Dipping Your Toes Into the PLO8 Waters

Discover which PLO8 starting hands you should play and which you should avoid in our hand beginners guide

We should be bringing you coverage of the 2020 World Series of Poker but COVID-19 put paid to that. The WSOP is magical because it showcases different poker variants instead of focussing on No-Limit Hold’em. Several games crown their champions, including Pot-Limit Omaha Hi/Low, or PLO8 as it is abbreviated to.

PLO8 is an extremely fun game and one that everyone should try, especially if they’re fans of standard PLO. I recently played in a low-stakes PLO8 tournament online and partypoker and had immense fun. It helps that I finished third from 130 entrants, but that’s a different story entirely!

That final table appearance gave me some inspiration for this PLO8 strategy article. Here’s hoping you can use it to reach your own final table in this crazy, yet fun, game.

What Are The Rules of PLO8

PLO8 uses the same rules as traditional Pot-Limit Omaha but with split-pot rules. This means everyone receives four hole cards and exactly two must be used to create the best five-card poker hand. This takes some getting used to, especially if there’s a four-flush on the board and you have one of that suit in your hand. You don’t have a flush in this instance!

PLO8 is a split-pot game meaning you can win with both a high and a low hand. Half the pot is awarded to the low hand and half to the high. You secure the entire pot if there is no possible high or low hand. At least three cards eight or lower have to be on the board for a low to be possible.

Winning the entire pot is called scooping. You can also win half the pot or even be quartered. The latter is when, for example, you split the low half of the pot while someone else wins the high.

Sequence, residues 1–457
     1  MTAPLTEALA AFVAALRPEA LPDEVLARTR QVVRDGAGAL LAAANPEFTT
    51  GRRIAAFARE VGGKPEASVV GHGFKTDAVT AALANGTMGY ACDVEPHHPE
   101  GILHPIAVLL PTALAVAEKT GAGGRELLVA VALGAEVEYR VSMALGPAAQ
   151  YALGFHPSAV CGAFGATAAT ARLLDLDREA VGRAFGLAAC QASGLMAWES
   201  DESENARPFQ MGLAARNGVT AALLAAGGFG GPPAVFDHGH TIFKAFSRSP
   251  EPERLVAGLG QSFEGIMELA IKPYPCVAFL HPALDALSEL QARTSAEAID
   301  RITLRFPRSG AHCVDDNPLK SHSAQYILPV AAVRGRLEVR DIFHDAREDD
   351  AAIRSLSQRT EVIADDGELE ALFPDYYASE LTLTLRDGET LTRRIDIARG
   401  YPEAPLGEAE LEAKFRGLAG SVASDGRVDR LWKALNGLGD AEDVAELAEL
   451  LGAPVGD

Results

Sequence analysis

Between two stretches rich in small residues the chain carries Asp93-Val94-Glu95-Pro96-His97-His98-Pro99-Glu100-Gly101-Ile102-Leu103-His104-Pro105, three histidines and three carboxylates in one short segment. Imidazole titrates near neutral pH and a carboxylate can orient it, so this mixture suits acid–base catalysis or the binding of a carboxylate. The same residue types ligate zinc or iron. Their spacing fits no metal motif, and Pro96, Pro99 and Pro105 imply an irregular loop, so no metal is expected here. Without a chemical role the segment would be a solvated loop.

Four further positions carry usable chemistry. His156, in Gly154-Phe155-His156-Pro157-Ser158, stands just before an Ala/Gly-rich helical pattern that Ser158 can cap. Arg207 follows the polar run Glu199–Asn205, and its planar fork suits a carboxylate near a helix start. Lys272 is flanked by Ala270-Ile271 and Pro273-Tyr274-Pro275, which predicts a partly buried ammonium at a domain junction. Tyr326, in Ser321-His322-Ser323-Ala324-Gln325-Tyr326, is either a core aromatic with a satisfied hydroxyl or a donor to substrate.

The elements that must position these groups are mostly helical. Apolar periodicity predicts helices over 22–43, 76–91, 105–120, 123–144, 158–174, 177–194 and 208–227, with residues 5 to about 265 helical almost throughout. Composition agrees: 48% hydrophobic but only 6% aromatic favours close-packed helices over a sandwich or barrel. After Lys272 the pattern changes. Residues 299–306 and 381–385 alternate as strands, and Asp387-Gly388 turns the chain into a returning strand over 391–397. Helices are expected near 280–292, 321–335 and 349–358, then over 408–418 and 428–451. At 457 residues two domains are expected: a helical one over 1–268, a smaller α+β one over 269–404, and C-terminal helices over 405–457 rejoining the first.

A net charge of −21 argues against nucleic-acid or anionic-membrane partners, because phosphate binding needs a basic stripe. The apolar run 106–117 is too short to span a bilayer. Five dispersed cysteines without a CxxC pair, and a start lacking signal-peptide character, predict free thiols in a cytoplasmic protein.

What Are The Best PLO8 Starting Hands

Every PLO8 hand looks playable thanks to the split-pot element but don’t get drawn into this trap. You still need to be selective with your hands if you want to taste success.

PLO players like their four hole cards to work together. Hands like As-Ac-Ks-Kc are powerhouse hands in Omaha Hi. You have the strongest two pairs, flush possibilities, and Broadway straight chances. This is also a strong hand in PLO8, but you have zero chance of winning the low.

Your PLO8 starting hands should follow similar rules where you try to have four cards that work together. Bear in mind straights are massive hands in this format, especially low straights. They give you the chance to scoop the pot by winning the high and low halves.

Hands win A-2 in them are extremely strong, with this in mind. A-A-2-3 double suited, so As-Ah-2s-3h for example, is the best PLO8 starting hand. This is followed by A-A-2-4 double suited, and so on.

Being double suited makes your hand more playable because it has flush potential. Ideally, each hand you play has the chance of making a high and a low hand to increase your chances of winning.

What Hands Should I Avoid?

PLO8 starting hands create many pitfalls for the unseasoned player. Every hand looks pretty, especially hands like 5-6-7-8. This is a dangerous hand because it’s unlikely improve to the nuts and PLO8 is a game of the nuts. A straight made with 5-6-7-8 is vulnerable because anyone with a hand with 3-4 in it. Players love holding A-2 or A-3 in their hands, which causes these middle run down problems.

New players overvalue hands like K-K-T-9 and play the game like Omaha Hi. The hand in this example isn’t exactly fantastic even in that discipline. Get used to tossing away many seemingly playable hands in PLO8, especially high pairs with a couple of random cards.

Playing on short-handed tables opens up more possibilities to play hands like K-K-2-4. Just don’t get married to the hand when you make the second nuts.

Omaha Hi/Low Outs Probabilities

It’s possible to have more than 20 outs when playing PLO8, but it is rare. You don’t have to memorize this table, but it helps to know your chances of improving in the most common situations.

Number of Outs % On Flop (2 cards to go) % On Turn (1 card to go)
1 4.4 2.3
2 8.8 4.5
3 13.0 6.8
4 17.2 9.1
5 21.2 11.4
6 25.2 13.6
7 29.0 15.6
8 32.7 18.2
9 36.7 20.5
10 39.9 22.7
11 43.3 25.0
12 46.7 27.3
13 49.9 29.6
14 53.0 31.8
15 56.1 34.1
16 41.0 36.7
17 61.8 38.6
18 64.5 40.1
19 67.2 43.2
20 69.7 45.5

Matthew Pitt

If it’s something you can play online for real money, chances are Matthew knows a bit about it. He’s been writing about slots, craps and poker for the better part of the last decade. He’s written for PokerNews, PartyPoker and many other respected online gambling websites during the last nine years.


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